Nice. I think this fits nicely with my idea that the crowning at HH symbolically mirrors Jon's conception. Since Lyanna was literally being honored by Rhaegar at HH, then it follows that Jon is trueborn. After all, you can't honor a highborn lady by putting a bastard in her belly.
  11. Ashara & the mysteries of the Royal Children, explained

    I don't know if you've read anything I've written or not, but a key idea is that Barristan wouldn't have known Lewyn and Ashara were lovers. None of this precludes Lewyn from being assigned to Elia. In fact, if Lewyn became a KG as part of the marriage pact for R&E, it's not unreasonable to think that his being assigned to her was also a part of the deal. I really don't know about the Stark/HH stuff. The only thing that is clear to me about it is that GRRM is not very forthcoming with the details. I mean, was she dishonored by a Stark and then turned to them, or dishonored by someone else? If so, why did she turn to the Starks? Where is it implied? Because that reads to me like wishful thinking. Well, if that's the case he never says so. And why not? Do you think maybe it's possible that it's because GRRM meant for it to be a secret, or dare I say, a mystery? Not sure how you'd describe it, but I'd say Ashara did have a pretty tragic life. I like how in one paragraph you say that what's in the text is more important to you than speculation, but then speculate that Selmy knew who Lewyn's lover was, when the text never says that. The lover's identity is not implied anywhere. Do you not realize that this argument works just as well against any L+X theory? Maybe for the same reason Ned never thinks about Lyanna being Jon's mom? Uh, there's nothing wrong with saying that something might be possible, based on gaps in our knowledge. I've said that the Arianne line might not be as straight forward as it appears. Which doesn't seem unreasonable for ASoIaF. A series in which Ned seemingly replies to Robert that Wylla is Jon's mother, for example. Yeah, because that's totally the same thing. For the record, I came up with L+A prior to TWoIaF's release. So, I already felt there was a case before I found out that they probably came to court together.
  12. Ashara & the mysteries of the Royal Children, explained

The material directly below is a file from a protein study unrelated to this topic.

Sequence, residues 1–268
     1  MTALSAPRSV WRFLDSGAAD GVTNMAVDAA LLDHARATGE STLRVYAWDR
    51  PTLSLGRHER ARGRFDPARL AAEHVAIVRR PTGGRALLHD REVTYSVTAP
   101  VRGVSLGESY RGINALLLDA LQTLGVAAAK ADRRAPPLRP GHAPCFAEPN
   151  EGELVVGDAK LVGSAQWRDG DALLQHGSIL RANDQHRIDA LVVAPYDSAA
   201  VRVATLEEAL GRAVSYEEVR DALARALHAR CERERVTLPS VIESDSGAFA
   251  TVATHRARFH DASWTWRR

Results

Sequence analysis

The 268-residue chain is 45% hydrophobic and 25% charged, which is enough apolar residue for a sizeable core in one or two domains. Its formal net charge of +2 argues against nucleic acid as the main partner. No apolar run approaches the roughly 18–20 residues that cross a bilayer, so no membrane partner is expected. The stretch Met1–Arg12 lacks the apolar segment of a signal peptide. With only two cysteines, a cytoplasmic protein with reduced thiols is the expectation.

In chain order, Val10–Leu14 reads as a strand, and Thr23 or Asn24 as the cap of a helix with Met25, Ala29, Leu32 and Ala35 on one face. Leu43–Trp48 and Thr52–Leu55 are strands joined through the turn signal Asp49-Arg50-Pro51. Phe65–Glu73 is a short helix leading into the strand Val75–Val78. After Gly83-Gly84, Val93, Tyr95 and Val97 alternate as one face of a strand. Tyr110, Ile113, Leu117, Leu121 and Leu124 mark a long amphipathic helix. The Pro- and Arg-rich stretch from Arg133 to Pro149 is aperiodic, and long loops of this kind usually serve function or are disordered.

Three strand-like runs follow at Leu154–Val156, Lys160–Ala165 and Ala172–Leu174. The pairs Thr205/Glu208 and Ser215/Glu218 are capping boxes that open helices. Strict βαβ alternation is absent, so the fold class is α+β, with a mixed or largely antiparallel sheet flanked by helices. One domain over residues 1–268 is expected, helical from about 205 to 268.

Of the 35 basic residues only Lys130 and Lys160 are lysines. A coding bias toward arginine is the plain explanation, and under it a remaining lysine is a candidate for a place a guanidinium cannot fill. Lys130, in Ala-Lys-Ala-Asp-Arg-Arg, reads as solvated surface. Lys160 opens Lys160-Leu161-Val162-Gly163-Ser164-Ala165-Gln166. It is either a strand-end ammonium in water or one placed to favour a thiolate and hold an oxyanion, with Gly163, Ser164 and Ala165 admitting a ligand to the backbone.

How do you know? Kind of like how Jon's aunt Dany is 15-20 years older than he is? For a certainty? Because I'm in my mid-30s, and based on my peers I can tell you that is not always the case. Not nearly. Having good bone structure, or nice features, does not stop the clock. --- Listen, I agree that the line from Arianne would seem to make Ashara an unlikely candidate. I've always said so. But there's a decent amount of circumstantial evidence suggesting L+A. Briefly: They're both Dornish characters with secret lovers. A fact which is mentioned on multiple occasions, in both cases. In ASoS, Arya has a long conversation about Ashara with Edric. Then in AFfC, she hears Dareon singing about a woman throwing herself from a tower because her prince had died. Now, there are two women in the series who supposedly threw themselves from towers; Bael's Stark girl, and Ashara. Well, Bael was no prince, but two princes did die on the Trident, which is shortly before Ashara was said to have jumped from the Palestone Tower. In ADwD, Barristan thinks about both Lewyn and Ashara. How the former had a paramour, and how he loved the latter. But no good could come of that, because he was a KG. There is great potential for irony here. In TWoIaF it says that Lewyn came to court with Elia, who would have been accompanied by her handmaidens. So, two Dornish characters, who both had secret lovers arrive at court at the same time. Lewyn becomes one of Rhaegar's most trusted allies, meaning he probably would have spent a good deal of time at Dragonstone, where Elia and her handmaidens lived. In fact, it wouldn't surprise me if Lewyn was assigned to Elia as part of the marriage pact. Seems reasonable, right? Well, if Lewyn became a KG at the same time as he came to court with Elia, and he had a paramour while he was a KG... do I need to spell it out? Two Dornish characters with secret lovers who were in the same place at the same time. Again, I say the line from Arianne is not a great fit for Ashara. Especially at first blush. But there's a good circumstantial case to be made for L+A, so maybe that line is not as straightforward as it appears. Would that be such a huge shock coming from an author who has repeatedly tried to deceive us?